‘Spam’ Linked to Diabetes in Native Americans

by InvestorPlace Staff | January 31, 2012 12:49 pm

Seems there’s no escaping news about diabetes these days. Lately, we’ve seen an outpouring of nutritional criticism over celebrity chef Paula Deen’s new deal to promote Novartis’s (NYSE:NVS[1]) diabetes drug Victoza. That endorsement came along with the news that Southern cooking specialist Deen suffers from Type 2 diabetes. Then on Friday, the Food & Drug Administration approved a new diabetes treatment from Amylin (NASDAQ:AMLN[2]) that holds great promise. The new drug, Bydureon[3], is a once-a-week injectable and adds a new weapon to combat this growing scourge.

And it couldn’t have happened a moment too soon. Today’s diabetes news comes from The American Journal of Clinical Nutrition[4], which reports in a new study that Native Americans who eat processed meat were at higher risk of developing diabetes. Much to the likely chagrin of Hormel (NYSE:HRL[5]), which makes the brand-name Spam processed meat, the study referred to the processed meat commonly consumed by Native Americans on reservations as “spam.” The lower-case spam is an often-used term for a wide variety of processed meats, especially those that come in a can.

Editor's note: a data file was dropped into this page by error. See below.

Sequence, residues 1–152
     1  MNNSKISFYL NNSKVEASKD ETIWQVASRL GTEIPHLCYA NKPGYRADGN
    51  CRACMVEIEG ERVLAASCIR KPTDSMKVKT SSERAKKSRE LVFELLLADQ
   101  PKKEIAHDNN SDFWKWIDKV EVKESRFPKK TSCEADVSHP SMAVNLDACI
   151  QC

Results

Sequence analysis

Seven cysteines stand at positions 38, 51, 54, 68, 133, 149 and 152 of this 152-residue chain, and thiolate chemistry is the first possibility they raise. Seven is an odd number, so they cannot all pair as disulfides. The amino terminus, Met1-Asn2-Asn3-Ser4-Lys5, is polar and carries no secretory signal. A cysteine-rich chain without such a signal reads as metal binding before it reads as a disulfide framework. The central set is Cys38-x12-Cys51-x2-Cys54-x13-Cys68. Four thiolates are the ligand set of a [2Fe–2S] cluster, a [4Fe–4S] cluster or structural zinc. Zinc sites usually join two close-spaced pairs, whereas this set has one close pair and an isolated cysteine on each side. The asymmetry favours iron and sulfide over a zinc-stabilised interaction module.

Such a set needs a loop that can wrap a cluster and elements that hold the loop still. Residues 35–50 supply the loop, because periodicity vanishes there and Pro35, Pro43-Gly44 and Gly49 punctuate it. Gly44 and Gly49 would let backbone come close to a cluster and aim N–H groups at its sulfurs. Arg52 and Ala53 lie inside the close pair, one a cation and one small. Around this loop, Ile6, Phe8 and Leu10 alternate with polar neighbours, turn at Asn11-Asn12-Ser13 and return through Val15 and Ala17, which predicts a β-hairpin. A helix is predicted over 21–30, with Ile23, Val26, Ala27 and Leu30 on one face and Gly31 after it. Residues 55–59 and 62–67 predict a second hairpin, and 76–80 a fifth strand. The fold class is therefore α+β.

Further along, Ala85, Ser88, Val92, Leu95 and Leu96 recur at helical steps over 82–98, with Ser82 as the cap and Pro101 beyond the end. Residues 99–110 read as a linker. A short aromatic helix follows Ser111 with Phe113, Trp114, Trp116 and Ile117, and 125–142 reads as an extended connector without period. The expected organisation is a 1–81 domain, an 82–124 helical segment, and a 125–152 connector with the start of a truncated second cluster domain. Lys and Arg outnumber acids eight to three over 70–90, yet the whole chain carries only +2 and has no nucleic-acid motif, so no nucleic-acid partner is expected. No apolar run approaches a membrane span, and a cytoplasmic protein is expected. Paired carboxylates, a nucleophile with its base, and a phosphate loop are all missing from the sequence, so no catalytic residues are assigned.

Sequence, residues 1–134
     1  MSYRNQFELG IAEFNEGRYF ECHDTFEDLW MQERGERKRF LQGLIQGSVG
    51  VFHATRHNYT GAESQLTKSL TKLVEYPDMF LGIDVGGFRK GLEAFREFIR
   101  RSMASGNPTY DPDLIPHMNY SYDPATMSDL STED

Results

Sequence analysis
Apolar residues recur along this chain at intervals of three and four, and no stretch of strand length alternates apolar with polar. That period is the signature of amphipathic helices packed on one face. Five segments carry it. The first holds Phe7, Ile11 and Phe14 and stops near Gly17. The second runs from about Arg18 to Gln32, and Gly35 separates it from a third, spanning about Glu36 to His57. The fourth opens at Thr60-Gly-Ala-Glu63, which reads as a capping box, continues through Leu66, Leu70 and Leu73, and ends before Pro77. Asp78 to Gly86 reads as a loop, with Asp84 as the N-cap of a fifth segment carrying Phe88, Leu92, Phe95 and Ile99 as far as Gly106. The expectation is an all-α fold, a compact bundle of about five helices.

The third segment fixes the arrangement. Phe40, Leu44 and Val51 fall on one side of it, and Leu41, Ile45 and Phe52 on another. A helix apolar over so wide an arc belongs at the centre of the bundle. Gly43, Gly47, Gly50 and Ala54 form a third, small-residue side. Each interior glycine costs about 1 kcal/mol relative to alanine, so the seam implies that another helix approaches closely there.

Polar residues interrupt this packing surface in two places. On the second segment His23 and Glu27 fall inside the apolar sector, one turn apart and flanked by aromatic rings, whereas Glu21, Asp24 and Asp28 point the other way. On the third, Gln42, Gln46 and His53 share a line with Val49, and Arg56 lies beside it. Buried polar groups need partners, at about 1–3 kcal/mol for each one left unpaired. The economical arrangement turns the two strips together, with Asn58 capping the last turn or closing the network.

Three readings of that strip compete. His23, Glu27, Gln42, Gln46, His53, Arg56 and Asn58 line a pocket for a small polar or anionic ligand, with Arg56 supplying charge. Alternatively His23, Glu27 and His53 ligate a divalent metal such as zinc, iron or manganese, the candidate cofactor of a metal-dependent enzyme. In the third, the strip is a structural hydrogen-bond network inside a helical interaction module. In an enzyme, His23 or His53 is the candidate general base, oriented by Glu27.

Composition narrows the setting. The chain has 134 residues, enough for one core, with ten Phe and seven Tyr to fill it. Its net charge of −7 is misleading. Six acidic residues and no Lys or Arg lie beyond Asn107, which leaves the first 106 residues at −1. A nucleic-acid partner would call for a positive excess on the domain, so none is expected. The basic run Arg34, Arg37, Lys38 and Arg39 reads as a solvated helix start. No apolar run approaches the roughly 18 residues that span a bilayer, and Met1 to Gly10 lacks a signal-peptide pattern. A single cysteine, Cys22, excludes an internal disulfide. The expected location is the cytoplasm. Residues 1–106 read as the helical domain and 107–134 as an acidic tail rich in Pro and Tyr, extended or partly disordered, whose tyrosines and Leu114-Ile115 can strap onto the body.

That sort of food “is available freely to many Native Americans on reservations as part of the U.S. Department of Agriculture’s food assistance program,” as a Reuters[6] report on the study points out. University of Washington researcher and a lead author of the AJCN study told Reuters: “A lot of communities in this study are in very rural areas with limited access to grocery stores… and they want to eat foods that have a long shelf life.”

The American Meat Institute, which represents companies that process meat, told the news service that “processed meats are a safe and nutritious part of a balanced diet.” And Fretts added that “more follow-up” needs to be done before drawing any conclusions about the spam-diabetes connection.

 

Endnotes:
  1. NVS: http://studio-5.financialcontent.com/investplace/quote?Symbol=NVS
  2. AMLN: http://studio-5.financialcontent.com/investplace/quote?Symbol=AMLN
  3. The new drug, Bydureon: http://investorplace.com/2012/01/amylin-diabetes-drug-bydureon-approval/
  4. The American Journal of Clinical Nutrition: http://www.ajcn.org/content/early/2012/01/24/ajcn.111.029942.abstract
  5. HRL: http://studio-5.financialcontent.com/investplace/quote?Symbol=HRL
  6. Reuters: http://www.reuters.com/article/2012/01/31/us-spam-idUSTRE80U05F20120131

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